This Powerful Video Shows What It's Like to Dance with Cerebral Palsy

When Jerron Herman was diagnosed with hemiplegia cerebral palsy, the doctors told him that he would likely need help doing everyday tasks like eating and getting dressed.

Today, Herman is six years into his professional dance career. He currently performs with Heidi Latsky Dance, an integrated company that includes dancers with a range of physical abilities. He also serves as the youngest member of The New York Dance & Performance Awards (or Bessies) selection committee.


This video created by Great Big Story shows how Herman's disability enriches his movement quality, adding a layer of texture and nuance that's captivating to watch. "The things that were perceived as negative are now enfolded into the choreography," says Herman. But that doesn't mean he can't perform codified steps, too: "I've been told my arabesque is crazy!" he says.



Herman balances virtuosity and control, subtlety and complexity when executing Latsky's choreography—and watching him rehearse next to his colleagues is a powerful demonstration of how different dancers with different abilities can bring new dimension to the same phrase.

The dance world is still incredibly restrictive for disabled performers. But dancers like Herman show that it's not only possible to dance with a disability—but that disability can inform movement in invaluable ways. "I've always been an advocate for those who pursue the antithesis of their limitation," he says.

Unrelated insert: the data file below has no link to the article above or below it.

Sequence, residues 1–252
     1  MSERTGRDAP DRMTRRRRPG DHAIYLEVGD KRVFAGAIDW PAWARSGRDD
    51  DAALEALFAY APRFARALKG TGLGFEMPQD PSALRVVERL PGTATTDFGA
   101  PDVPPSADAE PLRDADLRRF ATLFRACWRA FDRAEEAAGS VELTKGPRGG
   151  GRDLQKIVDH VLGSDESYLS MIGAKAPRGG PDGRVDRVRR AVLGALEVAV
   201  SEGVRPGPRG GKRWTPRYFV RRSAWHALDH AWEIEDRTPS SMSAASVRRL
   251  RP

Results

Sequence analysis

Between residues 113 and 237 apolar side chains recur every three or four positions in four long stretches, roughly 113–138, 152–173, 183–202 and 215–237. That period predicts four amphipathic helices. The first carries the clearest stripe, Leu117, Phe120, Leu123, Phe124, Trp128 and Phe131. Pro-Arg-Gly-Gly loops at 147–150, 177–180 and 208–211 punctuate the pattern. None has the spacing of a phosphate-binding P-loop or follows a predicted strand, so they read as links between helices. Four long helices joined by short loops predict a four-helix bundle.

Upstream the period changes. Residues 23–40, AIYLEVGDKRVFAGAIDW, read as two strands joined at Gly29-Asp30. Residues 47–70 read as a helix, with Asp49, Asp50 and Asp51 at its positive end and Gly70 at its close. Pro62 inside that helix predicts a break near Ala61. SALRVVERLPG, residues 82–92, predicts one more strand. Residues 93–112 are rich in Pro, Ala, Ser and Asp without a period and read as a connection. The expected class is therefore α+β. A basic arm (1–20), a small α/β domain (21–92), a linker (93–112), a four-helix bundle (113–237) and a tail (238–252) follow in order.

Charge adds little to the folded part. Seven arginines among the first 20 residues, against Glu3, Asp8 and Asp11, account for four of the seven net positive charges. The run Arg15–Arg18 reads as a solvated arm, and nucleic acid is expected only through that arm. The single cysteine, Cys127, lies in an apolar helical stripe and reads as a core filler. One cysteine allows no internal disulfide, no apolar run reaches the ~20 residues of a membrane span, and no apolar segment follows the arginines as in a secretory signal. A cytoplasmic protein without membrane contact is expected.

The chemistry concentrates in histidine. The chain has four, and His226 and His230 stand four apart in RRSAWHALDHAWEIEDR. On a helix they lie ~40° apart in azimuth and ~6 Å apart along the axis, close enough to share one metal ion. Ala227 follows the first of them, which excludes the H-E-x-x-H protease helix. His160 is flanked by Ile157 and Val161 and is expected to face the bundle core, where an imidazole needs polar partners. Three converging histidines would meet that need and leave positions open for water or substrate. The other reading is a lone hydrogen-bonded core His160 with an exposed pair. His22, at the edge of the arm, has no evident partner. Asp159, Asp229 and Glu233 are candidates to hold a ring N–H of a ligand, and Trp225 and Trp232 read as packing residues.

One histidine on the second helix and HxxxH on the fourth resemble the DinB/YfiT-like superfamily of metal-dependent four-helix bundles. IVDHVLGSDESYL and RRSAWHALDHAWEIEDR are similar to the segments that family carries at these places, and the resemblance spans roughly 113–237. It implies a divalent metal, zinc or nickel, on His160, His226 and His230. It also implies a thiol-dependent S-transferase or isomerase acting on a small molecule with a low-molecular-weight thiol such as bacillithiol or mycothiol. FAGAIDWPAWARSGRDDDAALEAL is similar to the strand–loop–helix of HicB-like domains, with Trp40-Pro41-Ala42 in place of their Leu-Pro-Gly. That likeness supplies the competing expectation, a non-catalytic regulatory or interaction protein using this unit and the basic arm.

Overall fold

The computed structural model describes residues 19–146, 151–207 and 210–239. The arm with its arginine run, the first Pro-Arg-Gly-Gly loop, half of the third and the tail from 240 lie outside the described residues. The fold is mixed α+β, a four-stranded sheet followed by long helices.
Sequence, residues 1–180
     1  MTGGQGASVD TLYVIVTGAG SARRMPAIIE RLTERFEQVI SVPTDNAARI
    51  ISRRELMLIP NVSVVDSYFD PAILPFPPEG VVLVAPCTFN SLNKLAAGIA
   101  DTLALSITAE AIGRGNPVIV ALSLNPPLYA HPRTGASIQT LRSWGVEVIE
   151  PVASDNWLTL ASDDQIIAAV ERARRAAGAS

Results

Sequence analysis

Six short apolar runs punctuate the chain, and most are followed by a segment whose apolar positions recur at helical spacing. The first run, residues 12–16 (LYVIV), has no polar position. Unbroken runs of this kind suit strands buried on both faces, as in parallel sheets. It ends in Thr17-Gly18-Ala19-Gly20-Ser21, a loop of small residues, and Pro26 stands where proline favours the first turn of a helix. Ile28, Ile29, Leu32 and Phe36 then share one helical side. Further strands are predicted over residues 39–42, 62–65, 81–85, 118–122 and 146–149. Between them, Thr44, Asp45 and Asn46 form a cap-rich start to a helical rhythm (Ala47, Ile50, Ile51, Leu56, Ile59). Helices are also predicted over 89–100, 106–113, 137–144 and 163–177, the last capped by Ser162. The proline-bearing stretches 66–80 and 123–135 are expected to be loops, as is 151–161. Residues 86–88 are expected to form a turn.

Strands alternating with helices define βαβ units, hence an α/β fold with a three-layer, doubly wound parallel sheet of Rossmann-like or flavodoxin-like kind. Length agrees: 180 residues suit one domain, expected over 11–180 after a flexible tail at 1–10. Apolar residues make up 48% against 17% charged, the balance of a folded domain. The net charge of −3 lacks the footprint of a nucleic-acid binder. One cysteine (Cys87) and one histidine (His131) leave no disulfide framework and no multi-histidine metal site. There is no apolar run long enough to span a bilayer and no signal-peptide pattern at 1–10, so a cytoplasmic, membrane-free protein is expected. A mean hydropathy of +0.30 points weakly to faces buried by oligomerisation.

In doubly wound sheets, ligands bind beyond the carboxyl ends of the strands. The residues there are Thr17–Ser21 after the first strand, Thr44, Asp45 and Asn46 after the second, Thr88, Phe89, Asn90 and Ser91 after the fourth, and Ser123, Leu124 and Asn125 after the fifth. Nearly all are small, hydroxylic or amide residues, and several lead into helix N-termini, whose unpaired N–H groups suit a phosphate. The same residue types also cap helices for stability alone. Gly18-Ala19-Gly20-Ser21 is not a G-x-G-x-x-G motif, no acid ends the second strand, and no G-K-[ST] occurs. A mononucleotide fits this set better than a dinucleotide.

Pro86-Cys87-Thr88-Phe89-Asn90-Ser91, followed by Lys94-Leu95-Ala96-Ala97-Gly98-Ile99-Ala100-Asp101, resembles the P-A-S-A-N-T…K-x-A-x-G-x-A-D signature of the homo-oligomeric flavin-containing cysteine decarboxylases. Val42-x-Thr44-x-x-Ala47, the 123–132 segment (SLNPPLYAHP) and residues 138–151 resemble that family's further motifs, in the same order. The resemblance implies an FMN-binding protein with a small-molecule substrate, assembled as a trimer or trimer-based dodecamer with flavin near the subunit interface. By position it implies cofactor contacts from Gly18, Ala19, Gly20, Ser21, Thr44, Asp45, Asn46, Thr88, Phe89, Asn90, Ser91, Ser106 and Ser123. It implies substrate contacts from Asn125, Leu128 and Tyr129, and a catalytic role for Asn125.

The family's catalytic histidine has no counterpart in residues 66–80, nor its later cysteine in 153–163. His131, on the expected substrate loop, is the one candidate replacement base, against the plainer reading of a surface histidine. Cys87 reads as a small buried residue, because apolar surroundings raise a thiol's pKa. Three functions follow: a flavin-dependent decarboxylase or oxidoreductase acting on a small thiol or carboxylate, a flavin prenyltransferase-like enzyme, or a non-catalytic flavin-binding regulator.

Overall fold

Watch more of Herman in Heidi Latsky's On Display, a movement installation focusing on diversity and visibility:


Latest Posts


Courtesy Ava Noble

Go Behind the Scenes of USC Kaufman’s Virtual Dance Festival

Now more than ever, the students of USC Glorya Kaufman School of Dance are embodying their program's vision: "The New Movement."

As the coronavirus pandemic stretches on, the dance world continues to be faced with unprecedented challenges, but USC Kaufman's faculty and BFA students haven't shied away from them. While many schools have had to cancel events or scale them back to live-from-my-living-room streams, USC Kaufman has embraced the situation and taken on impressive endeavors, like expanding its online recruitment efforts.

November 1 to 13, USC Kaufman will present A/Part To/Gather, a virtual festival featuring world premieres from esteemed faculty and guest choreographers, student dance films and much more. All semester long, they've rehearsed via Zoom from their respective student apartments or hometowns. And they haven't solely been dancing. "You have a rehearsal process, and then a filming process, and a production process of putting it together," says assistant professor of practice Jennifer McQuiston Lott of the prerecorded and professionally edited festival.

GO DEEPER SHOW LESS